Israel Grasps the Basketball Crown
Who would have thought Israel would dream the impossible dream, fight and beat the undefeatable foe not only in the fields of science, startup companies, art, or culture, but in those of sport? Its barely imaginable world victory was registered on May 18, 2014 when the Israeli basketball team, Maccabi Electra TV, won the Euroleague Basketball Championship.
Maccabi beat Real Madrid 98-86 in Milan in overtime in the finals after defeating CSKA of Moscow and Emporio Armani Milan in earlier rounds. With its victory, Maccabi may have reached the moon, but its joy was not unalloyed. Maccabi supporters sang the Israeli song "Kol Haulam Kulo" (the world is a narrow bridge) with the words, “The most important thing is not to be afraid of anything.” In contrast, the immediate response to the Israeli victory by the biased, bigoted, and afraid boycotters of Jews and of Israel was the outpouring of 18,000 anti-Semitic messages posted on Twitter.
The action of these bigoted anti-Semites contrasts with the positive objectives of Euroleague Basketball which had been set up in 2000 under a private organizational model to arrange pan-European competitions among the top professional European teams, which in fact also included Israel and Turkey. At first the League was linked with Telefonica and then with different sponsors, but since 2011-12 Turkish Airlines has been the main sponsor. Turkish Airlines is now responsible for managing the Turkish Airlines Euroleague and the Eurocup in which 72 teams from 25 countries compete.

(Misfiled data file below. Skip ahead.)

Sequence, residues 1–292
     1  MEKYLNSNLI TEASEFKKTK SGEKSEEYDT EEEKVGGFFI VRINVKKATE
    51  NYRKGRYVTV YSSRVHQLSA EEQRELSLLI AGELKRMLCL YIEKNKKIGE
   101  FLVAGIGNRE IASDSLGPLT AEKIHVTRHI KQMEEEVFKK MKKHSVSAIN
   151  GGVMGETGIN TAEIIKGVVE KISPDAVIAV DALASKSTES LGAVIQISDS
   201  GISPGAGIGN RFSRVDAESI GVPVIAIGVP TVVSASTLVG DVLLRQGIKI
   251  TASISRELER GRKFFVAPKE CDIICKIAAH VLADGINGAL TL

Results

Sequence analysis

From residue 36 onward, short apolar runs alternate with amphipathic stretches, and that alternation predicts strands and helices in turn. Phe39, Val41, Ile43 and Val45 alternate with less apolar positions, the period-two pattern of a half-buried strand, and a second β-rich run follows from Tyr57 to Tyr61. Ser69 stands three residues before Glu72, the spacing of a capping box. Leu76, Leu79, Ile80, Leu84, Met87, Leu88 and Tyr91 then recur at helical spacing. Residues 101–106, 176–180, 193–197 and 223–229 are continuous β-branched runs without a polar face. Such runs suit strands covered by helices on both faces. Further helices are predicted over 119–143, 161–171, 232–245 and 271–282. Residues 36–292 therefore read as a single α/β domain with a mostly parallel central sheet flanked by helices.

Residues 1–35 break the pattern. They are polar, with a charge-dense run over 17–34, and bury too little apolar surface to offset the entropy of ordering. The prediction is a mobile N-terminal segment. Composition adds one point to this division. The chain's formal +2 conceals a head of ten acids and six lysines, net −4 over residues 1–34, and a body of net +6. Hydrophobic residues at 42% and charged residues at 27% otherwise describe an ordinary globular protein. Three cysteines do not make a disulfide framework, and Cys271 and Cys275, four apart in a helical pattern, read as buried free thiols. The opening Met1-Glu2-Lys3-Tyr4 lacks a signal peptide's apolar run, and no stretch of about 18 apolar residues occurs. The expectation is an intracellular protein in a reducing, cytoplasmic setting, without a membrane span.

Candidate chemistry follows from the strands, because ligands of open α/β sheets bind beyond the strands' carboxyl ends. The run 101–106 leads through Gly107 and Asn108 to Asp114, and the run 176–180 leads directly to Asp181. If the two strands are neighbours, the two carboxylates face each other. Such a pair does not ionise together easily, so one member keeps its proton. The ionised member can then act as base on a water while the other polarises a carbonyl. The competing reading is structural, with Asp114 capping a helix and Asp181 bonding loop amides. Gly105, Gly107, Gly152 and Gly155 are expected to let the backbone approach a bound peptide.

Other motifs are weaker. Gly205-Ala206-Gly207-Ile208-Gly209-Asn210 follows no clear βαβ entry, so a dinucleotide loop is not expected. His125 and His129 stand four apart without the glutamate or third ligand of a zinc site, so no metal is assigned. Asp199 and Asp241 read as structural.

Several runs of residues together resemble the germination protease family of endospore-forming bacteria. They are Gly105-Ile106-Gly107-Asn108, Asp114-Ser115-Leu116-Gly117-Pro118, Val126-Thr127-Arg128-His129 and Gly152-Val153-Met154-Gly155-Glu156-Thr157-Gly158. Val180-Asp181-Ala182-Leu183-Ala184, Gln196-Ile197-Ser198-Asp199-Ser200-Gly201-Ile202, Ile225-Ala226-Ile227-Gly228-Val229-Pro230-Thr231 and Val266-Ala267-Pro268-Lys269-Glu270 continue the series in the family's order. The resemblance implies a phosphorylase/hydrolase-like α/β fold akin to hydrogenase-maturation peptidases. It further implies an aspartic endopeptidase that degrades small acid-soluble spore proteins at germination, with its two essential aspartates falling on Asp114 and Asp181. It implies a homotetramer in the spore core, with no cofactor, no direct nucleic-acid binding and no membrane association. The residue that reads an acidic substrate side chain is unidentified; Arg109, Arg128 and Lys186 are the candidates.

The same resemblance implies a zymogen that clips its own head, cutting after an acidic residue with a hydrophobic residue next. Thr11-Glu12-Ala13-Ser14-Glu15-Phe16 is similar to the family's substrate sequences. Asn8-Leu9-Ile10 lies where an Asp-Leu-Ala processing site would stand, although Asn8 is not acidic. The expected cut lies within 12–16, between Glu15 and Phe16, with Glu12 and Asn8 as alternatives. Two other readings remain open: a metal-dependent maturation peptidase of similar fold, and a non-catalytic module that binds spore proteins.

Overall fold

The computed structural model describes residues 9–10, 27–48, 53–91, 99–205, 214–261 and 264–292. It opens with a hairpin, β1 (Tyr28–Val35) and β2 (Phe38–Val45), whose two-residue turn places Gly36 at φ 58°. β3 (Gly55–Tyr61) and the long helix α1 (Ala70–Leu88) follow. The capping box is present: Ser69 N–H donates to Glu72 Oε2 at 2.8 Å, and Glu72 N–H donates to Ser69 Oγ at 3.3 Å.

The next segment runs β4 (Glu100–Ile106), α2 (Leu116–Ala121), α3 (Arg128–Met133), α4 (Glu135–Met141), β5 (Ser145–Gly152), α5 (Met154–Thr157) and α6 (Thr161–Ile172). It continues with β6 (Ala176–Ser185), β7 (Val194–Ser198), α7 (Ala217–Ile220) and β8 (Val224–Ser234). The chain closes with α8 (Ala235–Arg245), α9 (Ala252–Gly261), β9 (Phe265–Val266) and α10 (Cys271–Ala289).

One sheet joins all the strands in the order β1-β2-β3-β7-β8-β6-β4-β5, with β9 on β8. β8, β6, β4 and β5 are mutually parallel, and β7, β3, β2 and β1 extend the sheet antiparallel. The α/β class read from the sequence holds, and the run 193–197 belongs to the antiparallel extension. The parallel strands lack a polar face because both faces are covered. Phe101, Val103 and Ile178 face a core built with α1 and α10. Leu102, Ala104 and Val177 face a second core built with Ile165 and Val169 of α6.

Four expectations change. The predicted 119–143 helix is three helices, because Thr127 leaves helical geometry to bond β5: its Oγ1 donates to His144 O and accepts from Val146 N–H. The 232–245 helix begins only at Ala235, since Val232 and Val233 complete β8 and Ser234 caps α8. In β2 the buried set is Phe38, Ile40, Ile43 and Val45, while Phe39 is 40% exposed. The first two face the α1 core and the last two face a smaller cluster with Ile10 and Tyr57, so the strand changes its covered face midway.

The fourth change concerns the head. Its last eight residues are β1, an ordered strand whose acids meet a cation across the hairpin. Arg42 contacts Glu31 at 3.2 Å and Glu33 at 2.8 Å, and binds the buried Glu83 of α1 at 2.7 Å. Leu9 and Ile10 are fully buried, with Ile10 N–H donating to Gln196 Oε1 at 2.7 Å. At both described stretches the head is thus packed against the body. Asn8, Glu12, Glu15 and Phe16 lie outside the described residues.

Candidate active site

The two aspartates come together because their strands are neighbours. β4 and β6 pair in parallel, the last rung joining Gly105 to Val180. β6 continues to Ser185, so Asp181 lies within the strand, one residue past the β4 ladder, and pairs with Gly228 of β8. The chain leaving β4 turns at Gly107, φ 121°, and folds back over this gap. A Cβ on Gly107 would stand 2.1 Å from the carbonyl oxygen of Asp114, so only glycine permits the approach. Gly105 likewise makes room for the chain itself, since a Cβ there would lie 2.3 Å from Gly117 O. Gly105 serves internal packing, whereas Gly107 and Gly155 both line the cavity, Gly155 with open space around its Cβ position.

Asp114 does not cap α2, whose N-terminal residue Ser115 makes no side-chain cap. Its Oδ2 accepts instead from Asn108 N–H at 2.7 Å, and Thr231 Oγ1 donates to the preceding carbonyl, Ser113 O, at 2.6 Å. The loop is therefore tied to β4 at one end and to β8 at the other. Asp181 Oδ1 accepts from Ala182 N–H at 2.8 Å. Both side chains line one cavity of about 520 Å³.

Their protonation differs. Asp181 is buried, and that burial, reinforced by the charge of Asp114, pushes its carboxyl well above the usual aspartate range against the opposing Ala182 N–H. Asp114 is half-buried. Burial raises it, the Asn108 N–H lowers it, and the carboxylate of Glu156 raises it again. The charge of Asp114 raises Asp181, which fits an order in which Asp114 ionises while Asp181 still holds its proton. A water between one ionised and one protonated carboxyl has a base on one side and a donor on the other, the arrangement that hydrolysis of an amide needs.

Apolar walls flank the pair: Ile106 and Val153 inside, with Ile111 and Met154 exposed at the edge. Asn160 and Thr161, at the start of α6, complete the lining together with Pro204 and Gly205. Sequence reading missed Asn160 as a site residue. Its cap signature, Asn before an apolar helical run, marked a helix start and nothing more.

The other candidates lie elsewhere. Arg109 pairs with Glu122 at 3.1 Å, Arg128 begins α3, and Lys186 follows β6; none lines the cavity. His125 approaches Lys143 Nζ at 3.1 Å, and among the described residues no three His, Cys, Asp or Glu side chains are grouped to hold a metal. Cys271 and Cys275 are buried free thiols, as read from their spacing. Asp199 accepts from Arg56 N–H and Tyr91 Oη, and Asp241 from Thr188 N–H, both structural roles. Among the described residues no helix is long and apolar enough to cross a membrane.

The 2014 triumph surpassed in significance even the Israeli victory of 1977, when Maccabi Tel Aviv led by Tal Brody beat the Soviet Red Army team CSKA Moscow and won the European Cup Basketball Championship. Brody’s remark, now part of Israeli culture, is legendary, “We are on the map! And we are staying on the map, not only in sports, but in everything.” The spirit expressed by Brody remains in 2014, and he is remembered as a key figure not only in regard to the high status of Israeli basketball but also to Israeli morale in general.
Tal Brody, born in Trenton, New Jersey, was University of Illinois All-American in 1965, played for the U.S. team, which won a gold medal, in the 1965 Maccabiah Games in Israel, and was at the time in the 1960s ranked as one of the ten best players in the U.S. After his service in the U.S. military, Brody gave up any pro career in the U.S., returned to Tel Aviv and was recruited by the Maccabi club. For years he was the dominant player in a game that for him was also a way of life. His entry into the game took place when Maccabi TV reached the finals of the European Cup in the 1966-67 season. This achievement coincided with the military success of the Six Day War in June 1967. Today Brody is the official Israeli Ambassador of Goodwill.
Israel has been powerful in European basketball, but not in world soccer. In the series of tournaments, the qualifying process, organized by the six confederations of FIFA (International Federation of Football Association) in which 208 teams competed for participation in the World Cup, Israel was eliminated in the first round. The world is enjoying the ongoing competition between the 32 teams that did qualify.